#WritingCommunity: Less “Followers” and “Likes;” More WRITING


Yes, I will be that guy.

When I go on Twitter to promote my books, I use the #WritingCommunity hashtag to do so. As of late, I’ve been able to see quite a bit of tweets from fellow writers. That’s definitely a good thing. It’s great to see you all on there.

However, most of the time, at least from what I’ve noticed, it isn’t about your books or your writing.

It is about gaining followers.

Now, I’m not including when you’re talking about what’s going on in your lives. I’m referring to when you’re either using this hashtag or talking about writing or even helping others to gain followers.

Don’t get me wrong. There is nothing bad about gaining your followers lists. But that should not be all there is to it.

Personally, I would like to hear more about your books. Your screenplays. Your poetry. Whatever other projects you have in the works. But I see more this and that about building followers with little else.

Of course, the classic “I’ll follow you if you follow me!” deal. Then there’s, “Comment here and follow everyone who are writers.” Also, there is, “If you have less than 1000 followers, comment below!

This is going to sound like nothing but purely “hating.” Not at all. I’m simply trying to encourage you to do a little more than just worry about your followers. I would hate to believe that there is more asking for followers than writing going on.

I know that in this day and age, social media and followers are a necessary evil. But it should never be the only way. And I would hate for fellow writers to get so caught up in practically begging for followers and thinking that should take priority over writing.

I don’t use this hashtag too much, simply because I do more posting to promote my books. I’m not really the biggest fan of self-promotion, but as a self-publisher with five books, this is something I absolutely have to do. The funny thing is, I don’t even think this hashtag works too well for me. I’ve actually used this hashtag before to try and help promote other writers within the writing community, and I often get very little feedback. There was even one time I planned to buy a few books, but in that case as well, little response. I don’t know if it’s because there’s something going on with my own Twitter, or if there is such a habit of worrying about followers that a post in which I am trying promote writers’ works is overlooked. Call me crazy, but I always thought selling your work was the main goal. I don’t know how much one can make simply by gaining followers.

Again…nothing wrong building a network. We do have to do that. But it cannot stop there. That cannot be what we primarily do.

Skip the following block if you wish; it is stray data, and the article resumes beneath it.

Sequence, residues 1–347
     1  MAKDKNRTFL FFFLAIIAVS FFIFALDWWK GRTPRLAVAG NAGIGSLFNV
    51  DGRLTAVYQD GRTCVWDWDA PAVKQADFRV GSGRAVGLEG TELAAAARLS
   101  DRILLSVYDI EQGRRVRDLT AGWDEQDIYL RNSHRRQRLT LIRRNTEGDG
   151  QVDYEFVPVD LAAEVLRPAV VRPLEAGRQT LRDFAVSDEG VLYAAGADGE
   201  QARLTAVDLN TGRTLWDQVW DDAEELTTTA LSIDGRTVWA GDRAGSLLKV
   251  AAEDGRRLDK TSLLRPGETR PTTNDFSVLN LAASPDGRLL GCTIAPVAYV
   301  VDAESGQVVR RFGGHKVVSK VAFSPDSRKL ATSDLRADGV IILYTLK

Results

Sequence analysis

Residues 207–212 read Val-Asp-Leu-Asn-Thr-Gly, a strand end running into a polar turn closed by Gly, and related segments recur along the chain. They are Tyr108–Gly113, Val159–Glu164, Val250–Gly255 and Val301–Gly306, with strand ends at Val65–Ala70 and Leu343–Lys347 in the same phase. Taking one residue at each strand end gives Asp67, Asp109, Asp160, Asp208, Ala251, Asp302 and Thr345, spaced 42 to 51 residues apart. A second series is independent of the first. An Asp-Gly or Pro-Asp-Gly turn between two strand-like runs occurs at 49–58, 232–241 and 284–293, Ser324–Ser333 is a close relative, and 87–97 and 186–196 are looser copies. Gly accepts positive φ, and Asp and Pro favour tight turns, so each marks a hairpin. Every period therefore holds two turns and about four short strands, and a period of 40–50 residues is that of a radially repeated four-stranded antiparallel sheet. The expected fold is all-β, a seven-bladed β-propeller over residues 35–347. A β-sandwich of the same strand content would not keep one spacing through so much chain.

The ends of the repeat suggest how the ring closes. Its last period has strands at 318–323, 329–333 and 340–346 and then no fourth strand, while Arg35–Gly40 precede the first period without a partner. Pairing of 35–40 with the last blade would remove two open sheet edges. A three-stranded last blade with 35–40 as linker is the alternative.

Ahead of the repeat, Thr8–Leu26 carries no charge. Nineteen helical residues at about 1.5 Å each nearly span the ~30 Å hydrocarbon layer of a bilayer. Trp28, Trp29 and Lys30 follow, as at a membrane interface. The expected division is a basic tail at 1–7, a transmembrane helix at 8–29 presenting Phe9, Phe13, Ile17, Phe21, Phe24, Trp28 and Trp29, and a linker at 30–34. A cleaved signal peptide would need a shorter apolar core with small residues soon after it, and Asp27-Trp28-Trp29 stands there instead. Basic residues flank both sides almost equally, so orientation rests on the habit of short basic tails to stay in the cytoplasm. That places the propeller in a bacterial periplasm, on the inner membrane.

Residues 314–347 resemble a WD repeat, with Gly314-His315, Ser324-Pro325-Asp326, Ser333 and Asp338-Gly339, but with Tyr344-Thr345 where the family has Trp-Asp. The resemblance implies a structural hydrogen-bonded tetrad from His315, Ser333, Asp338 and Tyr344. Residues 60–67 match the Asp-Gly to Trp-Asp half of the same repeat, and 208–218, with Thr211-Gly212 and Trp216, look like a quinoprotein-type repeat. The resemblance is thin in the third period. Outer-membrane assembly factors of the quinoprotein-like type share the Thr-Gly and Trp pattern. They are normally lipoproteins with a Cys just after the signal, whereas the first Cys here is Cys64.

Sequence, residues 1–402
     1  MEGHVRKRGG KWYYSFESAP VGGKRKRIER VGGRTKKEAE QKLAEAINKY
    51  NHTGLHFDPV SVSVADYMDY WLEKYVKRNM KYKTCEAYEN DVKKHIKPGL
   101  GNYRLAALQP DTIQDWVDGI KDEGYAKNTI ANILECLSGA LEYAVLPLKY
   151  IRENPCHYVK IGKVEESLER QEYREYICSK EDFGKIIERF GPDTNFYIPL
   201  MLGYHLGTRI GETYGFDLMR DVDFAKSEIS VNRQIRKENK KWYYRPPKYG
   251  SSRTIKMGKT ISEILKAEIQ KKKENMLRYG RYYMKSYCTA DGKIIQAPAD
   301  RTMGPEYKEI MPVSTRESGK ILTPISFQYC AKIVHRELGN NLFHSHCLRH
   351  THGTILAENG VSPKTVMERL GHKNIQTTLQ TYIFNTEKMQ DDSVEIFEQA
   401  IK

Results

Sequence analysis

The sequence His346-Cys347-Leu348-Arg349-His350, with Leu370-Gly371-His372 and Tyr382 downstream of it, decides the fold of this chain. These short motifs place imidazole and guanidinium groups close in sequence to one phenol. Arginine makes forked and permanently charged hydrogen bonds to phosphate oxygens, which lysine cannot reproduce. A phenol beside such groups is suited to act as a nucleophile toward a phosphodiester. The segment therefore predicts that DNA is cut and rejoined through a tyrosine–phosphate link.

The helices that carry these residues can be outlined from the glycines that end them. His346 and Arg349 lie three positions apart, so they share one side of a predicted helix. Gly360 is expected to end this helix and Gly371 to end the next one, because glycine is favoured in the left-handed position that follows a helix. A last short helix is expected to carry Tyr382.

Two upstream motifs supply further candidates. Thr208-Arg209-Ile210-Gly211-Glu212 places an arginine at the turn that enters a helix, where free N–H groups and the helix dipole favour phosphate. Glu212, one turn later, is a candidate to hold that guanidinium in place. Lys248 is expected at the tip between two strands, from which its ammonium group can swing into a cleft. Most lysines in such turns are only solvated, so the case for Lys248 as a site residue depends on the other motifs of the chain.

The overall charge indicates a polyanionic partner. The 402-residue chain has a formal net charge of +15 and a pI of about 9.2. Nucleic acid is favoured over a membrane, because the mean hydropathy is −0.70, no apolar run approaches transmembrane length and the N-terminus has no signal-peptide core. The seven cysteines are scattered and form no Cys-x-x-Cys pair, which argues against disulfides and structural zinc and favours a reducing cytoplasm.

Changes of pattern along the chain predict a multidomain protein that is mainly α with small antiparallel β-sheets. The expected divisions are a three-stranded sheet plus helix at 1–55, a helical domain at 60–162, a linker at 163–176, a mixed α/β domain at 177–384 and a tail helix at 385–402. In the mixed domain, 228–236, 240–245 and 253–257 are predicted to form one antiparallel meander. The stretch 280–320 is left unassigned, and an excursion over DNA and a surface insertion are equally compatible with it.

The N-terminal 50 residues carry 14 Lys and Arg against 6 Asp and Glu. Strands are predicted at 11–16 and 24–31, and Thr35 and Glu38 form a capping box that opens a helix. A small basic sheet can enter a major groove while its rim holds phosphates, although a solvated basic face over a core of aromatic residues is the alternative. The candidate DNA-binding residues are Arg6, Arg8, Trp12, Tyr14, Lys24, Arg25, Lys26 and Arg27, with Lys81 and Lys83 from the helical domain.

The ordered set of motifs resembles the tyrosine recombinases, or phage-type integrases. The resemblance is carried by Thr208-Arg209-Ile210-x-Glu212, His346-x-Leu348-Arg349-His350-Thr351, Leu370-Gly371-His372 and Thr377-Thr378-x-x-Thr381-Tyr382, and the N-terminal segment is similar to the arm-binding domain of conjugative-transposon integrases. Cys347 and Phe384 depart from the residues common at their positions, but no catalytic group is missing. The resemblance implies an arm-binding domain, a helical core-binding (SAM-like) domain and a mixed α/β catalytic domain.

On top of that, after doing just a little research, it doesn’t seem like much takes place even after the following happens. That’s another thing. Even if writers are fortunate enough to be able to build a good bit of followers in a short period of time, it doesn’t seem to go much further than that. As I said above, our goal(s) should involve selling our work. As much as I would love to connect with other writers, I need to sell my books just as many of you need to. And if the door is slammed shut after following, then to be quite frank, all the following in the world doesn’t serve much purpose.

Even looking at some Facebook writing groups, I see a lot of the “Like for Like” posts as well. But when authors post about their books, it gets very little attention. I see words like “support” being thrown around, but that is just one part of it.

I am certainly not advocating going broke buying everyone’s books. That would be silly. But we have to understanding that following isn’t necessarily supporting. All that is good for numbers, but what does that do for book sales if those same people just bypass your promotions?

As great as a virtual “high five” is, it doesn’t pay bills. Respectfully, and as much as I appreciate the follows and the “likes,” most authors don’t write books just to get high fives.

I know I don’t.

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3 Responses to #WritingCommunity: Less “Followers” and “Likes;” More WRITING

  1. Diego Green says:

    I hear you. I tried playing that follow for follow game for a little while but it got tiresome real quick. I notice those with the greatest number of followers spend A LOT of time tweeting and playing games and, to me, that seems like far too much work and far too much time much better spent writing.

    Liked by 1 person

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